Long story short, I finally got my kiwi garden set up properly after three years, and found out yesterday my largest male is a female when it burst into bloom. This is actually very good, as it’s a variety I wanted, and it’s sitting next to a companion male that’s also full of flowers. So this will be the first time in three years I can get some fruit. However, I feel the spacing and placement is all wrong now. I spent about an hour out in a rainstorm tonight but I just couldn’t bring myself to damage the roots and dig them all up and move them all around without confirmation Im doing the right thing.
The growing season is really kicking into gear and it’s going to be hot and dry this week. Will moving them now cause very serious damage, and I should wait until next winter? Or is it needless worry and despite starting to bloom they’ll bounce back very well this year?
Here’s a video of the area:
(Btw, a video showing the new female flowers):
Here’s a couple of drawings I made to show the current layout (top), and the planed layout (bottom) if I move them. In the planned layout, all of the vines will be at least 8 feet apart, and the three females will have a large potential root and canopy area in the middle, in a straight line.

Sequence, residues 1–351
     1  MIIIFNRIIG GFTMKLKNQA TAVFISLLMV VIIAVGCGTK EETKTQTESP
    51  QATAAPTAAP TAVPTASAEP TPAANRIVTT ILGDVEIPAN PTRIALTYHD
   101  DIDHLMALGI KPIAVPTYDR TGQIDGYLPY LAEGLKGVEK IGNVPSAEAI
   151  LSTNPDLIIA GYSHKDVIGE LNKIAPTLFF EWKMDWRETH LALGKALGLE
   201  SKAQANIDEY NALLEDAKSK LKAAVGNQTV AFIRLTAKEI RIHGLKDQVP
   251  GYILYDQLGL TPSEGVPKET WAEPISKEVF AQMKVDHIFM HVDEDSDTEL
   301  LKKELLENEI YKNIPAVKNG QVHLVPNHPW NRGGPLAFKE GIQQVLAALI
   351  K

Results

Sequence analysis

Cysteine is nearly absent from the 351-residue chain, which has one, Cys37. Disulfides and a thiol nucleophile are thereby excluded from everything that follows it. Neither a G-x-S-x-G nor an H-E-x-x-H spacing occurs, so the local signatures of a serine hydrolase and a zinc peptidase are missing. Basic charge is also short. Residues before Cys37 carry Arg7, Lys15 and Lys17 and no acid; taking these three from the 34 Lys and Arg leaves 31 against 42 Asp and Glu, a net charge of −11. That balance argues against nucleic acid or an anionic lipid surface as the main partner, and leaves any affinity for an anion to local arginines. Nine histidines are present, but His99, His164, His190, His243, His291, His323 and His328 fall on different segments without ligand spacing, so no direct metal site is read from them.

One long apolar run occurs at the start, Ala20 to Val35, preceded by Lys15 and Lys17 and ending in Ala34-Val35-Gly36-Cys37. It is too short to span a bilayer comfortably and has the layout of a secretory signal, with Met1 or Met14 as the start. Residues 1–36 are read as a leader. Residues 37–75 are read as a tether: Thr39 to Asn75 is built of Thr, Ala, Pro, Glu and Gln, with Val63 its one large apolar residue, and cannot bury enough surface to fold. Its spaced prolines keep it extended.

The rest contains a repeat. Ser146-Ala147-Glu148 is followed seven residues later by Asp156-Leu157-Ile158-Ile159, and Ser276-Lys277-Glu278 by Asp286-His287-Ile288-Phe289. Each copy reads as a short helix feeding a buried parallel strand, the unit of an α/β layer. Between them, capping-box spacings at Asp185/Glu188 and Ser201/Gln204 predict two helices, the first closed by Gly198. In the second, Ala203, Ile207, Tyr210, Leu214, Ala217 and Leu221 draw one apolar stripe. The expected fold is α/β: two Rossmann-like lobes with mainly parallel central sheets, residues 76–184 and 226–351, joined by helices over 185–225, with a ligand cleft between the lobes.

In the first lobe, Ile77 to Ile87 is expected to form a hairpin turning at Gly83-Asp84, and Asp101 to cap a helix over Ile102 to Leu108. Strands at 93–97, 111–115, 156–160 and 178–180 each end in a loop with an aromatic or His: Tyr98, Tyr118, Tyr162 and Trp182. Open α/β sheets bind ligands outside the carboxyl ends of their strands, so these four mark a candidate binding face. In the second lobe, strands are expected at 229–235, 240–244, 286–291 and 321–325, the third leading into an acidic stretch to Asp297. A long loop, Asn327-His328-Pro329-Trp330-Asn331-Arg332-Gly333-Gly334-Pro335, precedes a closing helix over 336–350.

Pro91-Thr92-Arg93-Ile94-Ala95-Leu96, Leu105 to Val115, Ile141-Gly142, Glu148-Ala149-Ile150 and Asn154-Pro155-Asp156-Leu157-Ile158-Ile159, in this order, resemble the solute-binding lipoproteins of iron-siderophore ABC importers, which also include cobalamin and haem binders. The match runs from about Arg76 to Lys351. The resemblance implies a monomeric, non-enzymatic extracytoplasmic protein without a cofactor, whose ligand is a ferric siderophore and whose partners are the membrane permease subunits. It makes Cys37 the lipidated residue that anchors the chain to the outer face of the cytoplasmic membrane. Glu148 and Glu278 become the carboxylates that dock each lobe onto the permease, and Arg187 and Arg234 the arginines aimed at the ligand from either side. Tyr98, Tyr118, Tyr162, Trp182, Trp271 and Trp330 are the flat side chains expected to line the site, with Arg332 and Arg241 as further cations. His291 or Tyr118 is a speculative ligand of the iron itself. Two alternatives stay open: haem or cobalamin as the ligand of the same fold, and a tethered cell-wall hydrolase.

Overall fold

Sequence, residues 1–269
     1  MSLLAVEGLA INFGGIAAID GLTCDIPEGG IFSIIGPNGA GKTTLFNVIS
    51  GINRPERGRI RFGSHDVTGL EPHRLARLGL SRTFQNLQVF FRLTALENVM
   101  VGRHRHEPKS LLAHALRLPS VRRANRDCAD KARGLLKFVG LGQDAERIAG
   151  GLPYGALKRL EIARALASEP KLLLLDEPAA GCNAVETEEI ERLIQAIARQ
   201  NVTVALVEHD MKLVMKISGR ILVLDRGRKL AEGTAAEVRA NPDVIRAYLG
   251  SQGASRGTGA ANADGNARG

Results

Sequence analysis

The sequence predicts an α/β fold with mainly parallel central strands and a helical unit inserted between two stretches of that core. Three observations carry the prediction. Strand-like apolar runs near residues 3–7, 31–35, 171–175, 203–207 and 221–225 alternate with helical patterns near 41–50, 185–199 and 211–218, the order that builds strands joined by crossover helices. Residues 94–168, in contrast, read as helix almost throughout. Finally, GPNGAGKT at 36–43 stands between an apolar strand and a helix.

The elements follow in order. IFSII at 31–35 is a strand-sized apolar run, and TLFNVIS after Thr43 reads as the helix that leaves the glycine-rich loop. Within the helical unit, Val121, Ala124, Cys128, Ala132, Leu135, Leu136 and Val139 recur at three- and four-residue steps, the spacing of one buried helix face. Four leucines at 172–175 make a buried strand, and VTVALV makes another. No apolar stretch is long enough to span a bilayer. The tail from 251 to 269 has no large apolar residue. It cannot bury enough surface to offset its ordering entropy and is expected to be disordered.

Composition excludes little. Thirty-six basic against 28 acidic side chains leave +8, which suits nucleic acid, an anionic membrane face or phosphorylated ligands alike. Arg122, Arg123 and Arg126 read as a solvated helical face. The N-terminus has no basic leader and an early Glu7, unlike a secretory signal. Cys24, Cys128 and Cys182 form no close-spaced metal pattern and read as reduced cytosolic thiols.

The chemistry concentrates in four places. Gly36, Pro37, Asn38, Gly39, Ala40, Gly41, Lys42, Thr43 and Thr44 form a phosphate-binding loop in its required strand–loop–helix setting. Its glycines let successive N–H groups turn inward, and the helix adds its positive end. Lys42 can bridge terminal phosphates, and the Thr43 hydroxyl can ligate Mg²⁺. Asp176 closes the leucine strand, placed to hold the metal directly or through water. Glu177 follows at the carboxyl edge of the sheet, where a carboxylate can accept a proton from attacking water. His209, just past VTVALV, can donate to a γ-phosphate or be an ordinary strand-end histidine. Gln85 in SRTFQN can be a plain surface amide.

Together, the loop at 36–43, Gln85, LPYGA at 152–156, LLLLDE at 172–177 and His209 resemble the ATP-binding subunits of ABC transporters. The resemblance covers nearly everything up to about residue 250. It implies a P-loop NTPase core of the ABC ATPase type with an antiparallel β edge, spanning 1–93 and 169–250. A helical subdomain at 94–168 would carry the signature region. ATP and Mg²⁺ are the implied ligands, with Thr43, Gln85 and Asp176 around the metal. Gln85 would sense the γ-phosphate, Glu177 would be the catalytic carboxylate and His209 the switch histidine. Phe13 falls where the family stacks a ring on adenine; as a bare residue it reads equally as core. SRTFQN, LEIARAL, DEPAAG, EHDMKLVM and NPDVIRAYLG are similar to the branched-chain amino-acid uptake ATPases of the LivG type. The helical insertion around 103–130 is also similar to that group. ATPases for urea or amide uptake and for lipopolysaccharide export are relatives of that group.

This is the best area on the property, and while the top is a little dryer, it’s still all excellent soil and conditions. I gave the sensitive apple kiwi the wetter spot as I thought it was the best. I was hoping to stay away from the edges of the property, in case a neighbors weedeater accidentally hits the trunk. My plan is to keep the two males very small and cut them back immediately after the flowering is finished. Let the females get as large as they can on some kind of trellis system. Only the Apple yellow female is new this year, all the others are two or three years old.
YF ( yellow female )
YAF ( yellow apple female)
YM ( yellow male)
GF ( Green female )
GM ( green male)